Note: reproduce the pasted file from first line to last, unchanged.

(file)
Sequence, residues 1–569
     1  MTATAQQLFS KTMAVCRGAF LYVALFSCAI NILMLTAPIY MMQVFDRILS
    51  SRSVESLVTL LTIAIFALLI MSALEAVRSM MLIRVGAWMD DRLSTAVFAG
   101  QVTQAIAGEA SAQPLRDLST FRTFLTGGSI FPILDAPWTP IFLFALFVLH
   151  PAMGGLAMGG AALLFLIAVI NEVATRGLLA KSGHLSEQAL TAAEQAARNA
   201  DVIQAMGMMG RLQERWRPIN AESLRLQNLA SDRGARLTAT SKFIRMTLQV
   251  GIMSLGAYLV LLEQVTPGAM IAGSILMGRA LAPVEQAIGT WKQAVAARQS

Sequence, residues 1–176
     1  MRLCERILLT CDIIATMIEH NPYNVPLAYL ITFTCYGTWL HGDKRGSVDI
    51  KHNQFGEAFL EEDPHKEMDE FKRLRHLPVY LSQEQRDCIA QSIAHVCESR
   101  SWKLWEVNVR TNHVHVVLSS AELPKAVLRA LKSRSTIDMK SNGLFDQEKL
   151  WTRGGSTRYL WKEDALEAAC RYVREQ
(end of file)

Sequence, residues 1–569
     1  MTATAQQLFS KTMAVCRGAF LYVALFSCAI NILMLTAPIY MMQVFDRILS
    51  SRSVESLVTL LTIAIFALLI MSALEAVRSM MLIRVGAWMD DRLSTAVFAG
   101  QVTQAIAGEA SAQPLRDLST FRTFLTGGSI FPILDAPWTP IFLFALFVLH
   151  PAMGGLAMGG AALLFLIAVI NEVATRGLLA KSGHLSEQAL TAAEQAARNA
   201  DVIQAMGMMG RLQERWRPIN AESLRLQNLA SDRGARLTAT SKFIRMTLQV
   251  GIMSLGAYLV LLEQVTPGAM IAGSILMGRA LAPVEQAIGT WKQAVAARQS

Sequence, residues 1–176
     1  MRLCERILLT CDIIATMIEH NPYNVPLAYL ITFTCYGTWL HGDKRGSVDI
    51  KHNQFGEAFL EEDPHKEMDE FKRLRHLPVY LSQEQRDCIA QSIAHVCESR
   101  SWKLWEVNVR TNHVHVVLSS AELPKAVLRA LKSRSTIDMK SNGLFDQEKL
   151  WTRGGSTRYL WKEDALEAAC RYVREQ